Clayton also provided business consulting and support to allow an increasing number of fishermen and target fishing groups experience the direct financial benefits for managing their catch and information in order to advance business models for smaller-scale fishermen (see attached Providence Journal article- Wild Rhody fishermen sell their catch directly to local restaurants). This direct to restaurant marketing initiative will substantially increase local support for sectors in the area.
EDF also led a fishermen’s exchange trip to Galveston, Texas. We brought ten New England and Mid-Atlantic groundfishermen and monkfishermen along to meet with fishermen involved in the Gulf of Mexico Commercial Red Snapper Individual Fishing Quota Program. This exchange allowed the visiting fishermen to see how catch shares work in action, and learn how practices such as gear selection, quota trading, electronic monitoring and observer coverage, and deals with processors that make the fishery more environmentally responsible and profitable. The exchange also facilitated valuable personal interactions, giving fishermen the opportunity to learn from their peers’ experience.
Using our Catch Share Design Manual and other assistance from EDF,
the New England Fishery Management Council successfully initiated a monkfish catch share amendment this year. The amendment is still in its beginning phases of development.
In addition, working with NOAA and fishing industry stakeholders, EDF has worked to secure a third year of federal appropriations from the 2011 budget to support the transition to catch shares in New England fisheries. As you may know, the budget for 2012 still has not been approved and the outcome is unclear. However, there were federal appropriations in the 2011 budget for sector management in New England.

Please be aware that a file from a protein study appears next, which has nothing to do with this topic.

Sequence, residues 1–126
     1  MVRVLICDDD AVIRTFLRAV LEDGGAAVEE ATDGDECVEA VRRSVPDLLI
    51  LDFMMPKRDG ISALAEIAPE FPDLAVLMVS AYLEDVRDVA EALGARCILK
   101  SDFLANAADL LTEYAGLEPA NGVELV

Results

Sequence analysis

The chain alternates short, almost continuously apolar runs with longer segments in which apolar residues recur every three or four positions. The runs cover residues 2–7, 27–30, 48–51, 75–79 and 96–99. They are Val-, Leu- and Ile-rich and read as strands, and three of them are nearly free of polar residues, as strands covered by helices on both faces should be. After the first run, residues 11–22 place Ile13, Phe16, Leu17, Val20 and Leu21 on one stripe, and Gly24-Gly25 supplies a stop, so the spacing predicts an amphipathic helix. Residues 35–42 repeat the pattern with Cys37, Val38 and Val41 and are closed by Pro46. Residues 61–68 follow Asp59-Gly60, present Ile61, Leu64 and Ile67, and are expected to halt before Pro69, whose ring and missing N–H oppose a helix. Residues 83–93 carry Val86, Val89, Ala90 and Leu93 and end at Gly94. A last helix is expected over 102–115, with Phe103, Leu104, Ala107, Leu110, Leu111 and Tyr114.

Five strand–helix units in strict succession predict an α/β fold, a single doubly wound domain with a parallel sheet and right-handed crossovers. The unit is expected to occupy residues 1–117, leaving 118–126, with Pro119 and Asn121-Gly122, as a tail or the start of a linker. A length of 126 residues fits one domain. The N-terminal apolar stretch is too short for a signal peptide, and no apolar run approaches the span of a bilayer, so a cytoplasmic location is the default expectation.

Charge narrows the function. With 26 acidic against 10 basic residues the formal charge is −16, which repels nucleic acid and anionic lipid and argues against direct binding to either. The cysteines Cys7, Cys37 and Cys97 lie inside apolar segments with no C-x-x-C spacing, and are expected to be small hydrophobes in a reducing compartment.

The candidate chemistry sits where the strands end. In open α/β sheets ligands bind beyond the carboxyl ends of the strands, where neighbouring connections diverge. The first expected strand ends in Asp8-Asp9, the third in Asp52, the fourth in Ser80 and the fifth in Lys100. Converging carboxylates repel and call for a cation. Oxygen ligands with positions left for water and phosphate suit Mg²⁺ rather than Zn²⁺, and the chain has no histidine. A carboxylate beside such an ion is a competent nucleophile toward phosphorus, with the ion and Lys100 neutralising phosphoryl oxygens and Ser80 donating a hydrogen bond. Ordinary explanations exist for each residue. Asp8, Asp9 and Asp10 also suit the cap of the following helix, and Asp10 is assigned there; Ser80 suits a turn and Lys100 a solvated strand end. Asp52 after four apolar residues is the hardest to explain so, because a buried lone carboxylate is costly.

With important momentum in place as the infrastructure for sectors in New England develops, EDF continues to build on this critical work to build good business planning for the success of new catch share programs. Thanks to the continued partnership with the Alex C. Walker Foundation, fishermen have begun to take full advantage of the new management system to meet their economic and conservation goals under catch shares management.
Personnel (includes benefits) $661,937
Regional Meetings 29,704
Fishermen Exchanges (grants & passthru) 143,500
EDF Indirect Costs @ 16% 279,397
Total project expenses: $1,736,200
EDF has been the key proponent of “catch shares,” market-based approaches to fisheries, setting an annual quota on the amount of fish that can be harvested. Fishing boats are allocated defined portions of the quota to maximize their profitability while staying under sustainable harvest limits. This system has the dual benefit of protecting resources while maximizing economic benefits to fishermen. EDF is working to establish catch shares as the default management tool for fisheries in the U.S. In June 2009, the New England Fishery Management Council unanimously voted to adopt a fishing cooperative-based catch share program "sectors" for groundfish. Over 95 percent of the harvest voluntarily agreed to fish under catch shares starting in May 2010. We are working with several sectors to help them develop business plans as they begin fishing under catch share management. We will continue to sponsor fishermen's exchanges where catch shares have already been successfully operating.
The failure of conventional fishing management is emptying the nation’s oceans of seafood, destroying marine habitats, and is causing serious economic damage. In the US., only about 25% of fish stocks are sustainably managed. Key fisheries have collapsed, such as New England cod, resulting in the loss of thousands of jobs and the demise of fishing communities. Mismanaged fisheries cost the global economy $50 billion every year. U.S. law requires fishery managers to put annual catch limits and accountability measures in place by 2011. Fishery closures are sure to increase under the status quo as managers attempt to comply with the law. Catch shares can reverse this trend, creating more jobs, while fish stocks rebound. Fisheries in North America that are managed under catch shares have seen an 80% increase in revenues in five years of implementation. New England now has the opportunity to recover its groundfish fishery, and demonstrate the benefits of catch shares.
(Check sent: 6/16/2010)